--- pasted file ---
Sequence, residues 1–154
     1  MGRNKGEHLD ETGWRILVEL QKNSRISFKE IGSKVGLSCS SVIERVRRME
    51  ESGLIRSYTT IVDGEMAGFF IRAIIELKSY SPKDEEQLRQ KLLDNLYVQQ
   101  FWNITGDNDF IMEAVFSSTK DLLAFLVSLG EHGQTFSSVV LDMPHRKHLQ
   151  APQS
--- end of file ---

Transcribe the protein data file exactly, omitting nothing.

Sequence, residues 1–154
     1  MGRNKGEHLD ETGWRILVEL QKNSRISFKE IGSKVGLSCS SVIERVRRME
    51  ESGLIRSYTT IVDGEMAGFF IRAIIELKSY SPKDEEQLRQ KLLDNLYVQQ
   101  FWNITGDNDF IMEAVFSSTK DLLAFLVSLG EHGQTFSSVV LDMPHRKHLQ
   151  APQS